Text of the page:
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Shiro Takahashi

【#478(Special)】Japan Working as One Prevents UNESCO’s Comfort Women Inscription

Shiro Takahashi / 2017.11.02 (Thu)

October 30, 2017

     The International Advisory Committee of the United Nations Educational, Scientific and Cultural Organization at its meeting in October in Paris decided to shelve the inscription of documents on comfort women for the wartime Japanese Imperial Army on the UNESCO Memory of the World Register as nominated jointly by private sector groups in eight countries including Japan, China and South Korea. UNESCO Director-General Irina Bokova has made a final decision on the IAC recommendation against the inscription. The IAC decision came in response to a resolution the UNESCO executive committee unanimously adopted on October 18 urging the director-general and IAC members to avoid political tensions over the Memory of the World Register program. It may have been difficult for the director-general to reverse the IAC decision.

Japan-led institutional reform
     The IAC decision resulted from a Japan-led institutional reform of the Memory of the World Register program. Two years ago, the IAC recommended the UNESCO director-general to inscribe so-called Nanjing Massacre documents on the register, as advised by its Register Subcommittee, leading to a political tension over the program. In order not to repeat such a mess-up, the IAC chair has taken the initiative to reform the Memory of the World Register program. As a result, the UNESCO executive committee decided to subject “political” nominations to talks between relevant parties from the viewpoint that a framework to protect the program from political abuse is necessary.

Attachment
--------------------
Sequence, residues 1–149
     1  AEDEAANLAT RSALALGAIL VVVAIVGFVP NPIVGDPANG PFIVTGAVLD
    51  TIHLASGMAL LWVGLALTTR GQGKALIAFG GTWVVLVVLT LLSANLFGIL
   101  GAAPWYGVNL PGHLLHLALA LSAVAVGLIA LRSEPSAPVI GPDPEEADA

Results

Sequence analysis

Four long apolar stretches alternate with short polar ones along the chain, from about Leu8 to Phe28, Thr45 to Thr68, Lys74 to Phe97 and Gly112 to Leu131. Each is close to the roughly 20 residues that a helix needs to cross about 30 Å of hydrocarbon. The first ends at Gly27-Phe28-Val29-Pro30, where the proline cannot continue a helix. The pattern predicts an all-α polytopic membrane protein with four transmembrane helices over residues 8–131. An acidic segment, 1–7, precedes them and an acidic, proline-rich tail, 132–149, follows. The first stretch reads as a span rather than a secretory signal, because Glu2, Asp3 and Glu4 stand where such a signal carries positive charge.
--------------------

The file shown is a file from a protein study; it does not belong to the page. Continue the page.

On August 23, a Japanese conservative organization, which has nominated “Documentation on ‘Comfort Women’ and Japanese Army Discipline” to be inscribed on the Memory of the World Register, sent the UNESCO secretariat an open letter requesting talks with the joint nominators of “Voices of the ‘Comfort Women’.” The two nominations include the same documents from the U.S. National Archives and Records Administration. On October 19, 100 Japanese scholars sent UNESCO a statement opposing the inscription of the documents proposed by the joint nominators, requesting the IAC to refrain from screening the joint nomination and provide opportunities for talks between relevant parties.
     The latest IAC decision represents an epoch-making achievement of Japan’s government-private initiative by the Ministry of Foreign Affairs, the Japanese National Commission for UNESCO, private organizations and scholars.

Rebut criticisms at the U.N. Human Rights Council
     On November 14, the U.N. Human Rights Council will hold a meeting of a working group on Japan’s human rights conditions, providing national representatives with opportunities to make remarks on the matter. A basic material for the deliberation reportedly alleges the comfort women as sex slaves, urging Japan to admit its legal responsibility and indict and punish perpetrators. The Japanese government should make fact-based rebuttal against such unjustifiable criticism.
     The Japanese government should also file a protest against the 2015 UNESCO decision to inscribe the Nanjing Massacre documents on the Memory of the World register, based on the 4.8 Removal from the Register provision in the General Guidelines to Safeguard Documentary Heritage.

Shiro Takahashi is a Director, Japan Institute for National Fundamentals, and Special Professor at Meisei University